FWIW, this mechanism is available in ObjectiveC on the Mac. It is used *EVERYWHERE*. It is not a problem. Categories can be loaded dynamically from shared libraries with a single call. This makes plugins really easy to do. It also makes adapting various modules really easy.

James Watson

Posts: 2024
Nickname: watson
Registered: Sep, 2005

Re: What Are Your Java Pain Points, Really? Posted: Feb 21, 2007 5:26 PM
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> Not true. Visitor uses pure polymorphism to do its thing.
> Casting peeks at the type and then branches. The reason
> n is that the type of 'this' is the true type of the
> receiver.
class Base {
    void displayOn(Displayer d) { d.showBase(this); }
}
 
public class Bar extends Base implements Renderable {
    void displayOn(Displayer d) { d.showRenderable(this); }
}
 
public interface Displayer {
    public void show( Base b ) { b displayOn(self); }
    public void showBase( Base b) {...}
    public void showRenderable(Renderable r) {...}
}


In Java this is almost completely equivalent:

class Base {
    void displayOn(Displayer d) { d._show((Base) this); }
}
 
public class Bar extends Base implements Renderable {
    void displayOn(Displayer d) { d._show((Renderable) this); }
}
 
public interface Displayer {
    public void show(Base b ) { b displayOn(self); }
    public void _show(Base b) {...}
    public void _show(Renderable r) {...}
}


This is easily demonstrable. While this comes closer to double-dispatch it's not the same because the Base and Renderable classes have to be complicit in the implementation. In true double-dispatch, the Displayer class could introduce new implementations that could change which method is called without any change to the Base or Renderable classes. For example if I extend Base:

class SubClass extends Base {}

This will always call the Base version of show (whether you use casting or method names) with the visitor pattern even if we add a method:

public void _show(SubClass b) {...}


to Displayer. With true double-dispatch, the new method will be called if the Base instance is an instance of SubClass.

James Watson

Posts: 2024
Nickname: watson
Registered: Sep, 2005

Re: What Are Your Java Pain Points, Really? Posted: Feb 21, 2007 5:29 PM
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> > But if I can cause someone
> > else's code to call my method isn't that a
> > security/stability issue? For example if code is
> calling
> > 'setPassword' on an Object and I figure out a way to
> > overload the method such that my is called instead.
>
> No - reread what I said. In Java, it would be great to be
> able to attach new methods to existing classes as long as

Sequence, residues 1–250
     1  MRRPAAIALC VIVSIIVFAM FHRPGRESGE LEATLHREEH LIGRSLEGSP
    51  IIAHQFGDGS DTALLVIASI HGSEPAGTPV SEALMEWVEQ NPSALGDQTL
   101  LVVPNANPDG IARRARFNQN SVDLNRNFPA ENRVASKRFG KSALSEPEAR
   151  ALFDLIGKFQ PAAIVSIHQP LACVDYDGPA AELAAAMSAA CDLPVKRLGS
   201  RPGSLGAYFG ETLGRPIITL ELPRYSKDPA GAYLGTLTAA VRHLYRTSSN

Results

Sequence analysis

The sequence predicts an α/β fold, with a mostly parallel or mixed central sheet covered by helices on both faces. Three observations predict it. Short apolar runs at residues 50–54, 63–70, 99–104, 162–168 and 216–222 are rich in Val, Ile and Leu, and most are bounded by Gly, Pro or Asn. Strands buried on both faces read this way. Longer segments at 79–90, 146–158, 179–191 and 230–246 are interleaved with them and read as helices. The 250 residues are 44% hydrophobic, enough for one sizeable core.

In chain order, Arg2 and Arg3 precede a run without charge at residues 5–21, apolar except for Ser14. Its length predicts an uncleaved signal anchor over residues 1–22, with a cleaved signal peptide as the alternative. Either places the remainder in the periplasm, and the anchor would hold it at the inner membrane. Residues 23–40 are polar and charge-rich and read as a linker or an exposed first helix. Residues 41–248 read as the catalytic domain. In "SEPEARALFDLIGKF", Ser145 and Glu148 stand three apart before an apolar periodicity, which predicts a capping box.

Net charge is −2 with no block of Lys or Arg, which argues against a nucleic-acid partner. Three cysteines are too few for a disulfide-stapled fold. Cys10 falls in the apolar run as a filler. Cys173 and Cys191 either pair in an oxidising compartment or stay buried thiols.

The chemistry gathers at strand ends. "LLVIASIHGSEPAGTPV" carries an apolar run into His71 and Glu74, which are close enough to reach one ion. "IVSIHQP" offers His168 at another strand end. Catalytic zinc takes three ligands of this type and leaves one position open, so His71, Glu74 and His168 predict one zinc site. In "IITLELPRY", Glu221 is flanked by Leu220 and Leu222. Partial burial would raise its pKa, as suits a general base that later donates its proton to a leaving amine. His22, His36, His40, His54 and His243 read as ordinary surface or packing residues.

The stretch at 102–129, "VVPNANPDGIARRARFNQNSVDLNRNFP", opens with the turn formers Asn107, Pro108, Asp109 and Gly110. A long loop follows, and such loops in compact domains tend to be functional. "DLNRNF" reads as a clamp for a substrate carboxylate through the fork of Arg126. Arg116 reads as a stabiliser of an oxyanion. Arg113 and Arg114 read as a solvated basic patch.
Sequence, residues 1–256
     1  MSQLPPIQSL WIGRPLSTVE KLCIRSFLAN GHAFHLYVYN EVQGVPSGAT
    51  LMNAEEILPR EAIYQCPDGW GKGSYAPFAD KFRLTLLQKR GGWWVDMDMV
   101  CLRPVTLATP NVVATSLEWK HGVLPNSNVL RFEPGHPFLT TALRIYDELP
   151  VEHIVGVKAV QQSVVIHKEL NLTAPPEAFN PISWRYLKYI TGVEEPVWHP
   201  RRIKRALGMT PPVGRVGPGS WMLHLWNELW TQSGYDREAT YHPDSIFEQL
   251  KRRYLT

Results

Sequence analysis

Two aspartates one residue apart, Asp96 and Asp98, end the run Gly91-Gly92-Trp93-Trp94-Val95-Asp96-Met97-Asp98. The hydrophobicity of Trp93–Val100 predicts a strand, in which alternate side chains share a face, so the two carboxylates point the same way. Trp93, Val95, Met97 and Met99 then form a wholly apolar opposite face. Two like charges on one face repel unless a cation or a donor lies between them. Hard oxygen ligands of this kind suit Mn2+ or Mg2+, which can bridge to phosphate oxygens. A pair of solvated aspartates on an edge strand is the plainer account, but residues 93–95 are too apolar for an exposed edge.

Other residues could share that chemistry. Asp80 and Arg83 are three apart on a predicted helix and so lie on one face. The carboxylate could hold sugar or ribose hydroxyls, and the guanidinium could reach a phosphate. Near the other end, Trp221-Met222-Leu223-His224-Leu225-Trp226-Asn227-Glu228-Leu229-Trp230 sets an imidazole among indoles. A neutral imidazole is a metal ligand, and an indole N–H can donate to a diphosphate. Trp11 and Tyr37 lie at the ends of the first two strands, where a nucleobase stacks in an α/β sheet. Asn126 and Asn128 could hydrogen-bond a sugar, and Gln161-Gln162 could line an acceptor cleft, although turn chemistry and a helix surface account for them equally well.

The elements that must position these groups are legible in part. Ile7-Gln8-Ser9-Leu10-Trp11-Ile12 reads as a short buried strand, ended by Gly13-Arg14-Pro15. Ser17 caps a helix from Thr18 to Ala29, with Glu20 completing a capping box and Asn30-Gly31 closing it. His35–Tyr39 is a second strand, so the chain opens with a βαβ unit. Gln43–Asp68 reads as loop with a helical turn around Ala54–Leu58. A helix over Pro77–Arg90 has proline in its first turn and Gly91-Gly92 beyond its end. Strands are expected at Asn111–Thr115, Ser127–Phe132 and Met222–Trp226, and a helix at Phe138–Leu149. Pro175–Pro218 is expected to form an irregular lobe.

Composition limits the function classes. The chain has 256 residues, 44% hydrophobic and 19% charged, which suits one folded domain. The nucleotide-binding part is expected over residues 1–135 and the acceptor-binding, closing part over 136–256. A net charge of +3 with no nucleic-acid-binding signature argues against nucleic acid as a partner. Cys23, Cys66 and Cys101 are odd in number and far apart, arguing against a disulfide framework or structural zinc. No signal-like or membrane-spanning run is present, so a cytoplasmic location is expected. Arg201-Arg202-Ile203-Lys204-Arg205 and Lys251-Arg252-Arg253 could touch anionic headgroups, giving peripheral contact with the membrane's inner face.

> the method implementations are
>
> 1) Written in terms of the object's public interface.
> 2) Do not override or shadow any existing methods in the
> original class
>
> If I can do that, I can add the necessary methods to
> implement Visitor on any set of objects by adapting the
> protocol. I cannot intercept existing calls. There is no
> security problem.

I'm just not following. If I can't change the behavior of existing method calls, how does double-dispatch help me in this context?

Todd Blanchard

Posts: 316
Nickname: tblanchard
Registered: May, 2003

Re: What Are Your Java Pain Points, Really? Posted: Feb 21, 2007 5:54 PM
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> In Java this is almost completely equivalent:
>
>
> class Base {
>     void displayOn(Displayer d) { d._show((Base) this); }
> }
> 


That *was* java - and I totally don't get the point of the cast here. 'this' is of type Base already. Even if you derive from Base, unless you override displayOn, it is going to call show(Base).

Gregg Wonderly

Posts: 317
Nickname: greggwon
Registered: Apr, 2003

Re: What Are Your Java Pain Points, Really? Posted: Feb 21, 2007 6:08 PM
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> > In Java this is almost completely equivalent:
> >
> >
> > class Base {
> >     void displayOn(Displayer d) { d._show((Base) this);
> }
> > }
> > 

>
> That *was* java - and I totally don't get the point of the
> cast here. 'this' is of type Base already. Even if you
> derive from Base, unless you override displayOn, it is
> going to call show(Base).

This is an explict widening which prohibits a subclass from changing this part of your implementation even though you want to allow _show() to be overriden.

James Watson

Posts: 2024
Nickname: watson
Registered: Sep, 2005

Re: What Are Your Java Pain Points, Really? Posted: Feb 21, 2007 6:25 PM